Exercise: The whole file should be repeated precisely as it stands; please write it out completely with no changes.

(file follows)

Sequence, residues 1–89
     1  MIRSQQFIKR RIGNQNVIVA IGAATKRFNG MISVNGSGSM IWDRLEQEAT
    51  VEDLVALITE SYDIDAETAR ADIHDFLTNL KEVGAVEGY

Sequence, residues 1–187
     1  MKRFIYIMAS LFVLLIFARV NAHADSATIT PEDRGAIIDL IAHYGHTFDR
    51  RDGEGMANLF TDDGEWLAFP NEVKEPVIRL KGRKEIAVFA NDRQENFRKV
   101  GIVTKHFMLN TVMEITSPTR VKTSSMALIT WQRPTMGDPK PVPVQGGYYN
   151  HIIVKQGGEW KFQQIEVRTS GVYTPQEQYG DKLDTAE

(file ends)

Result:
Sequence, residues 1–89
     1  MIRSQQFIKR RIGNQNVIVA IGAATKRFNG MISVNGSGSM IWDRLEQEAT
    51  VEDLVALITE SYDIDAETAR ADIHDFLTNL KEVGAVEGY

Sequence, residues 1–187
     1  MKRFIYIMAS LFVLLIFARV NAHADSATIT PEDRGAIIDL IAHYGHTFDR
    51  RDGEGMANLF TDDGEWLAFP NEVKEPVIRL KGRKEIAVFA NDRQENFRKV
   101  GIVTKHFMLN TVMEITSPTR VKTSSMALIT WQRPTMGDPK PVPVQGGYYN
   151  HIIVKQGGEW KFQQIEVRTS GVYTPQEQYG DKLDTAE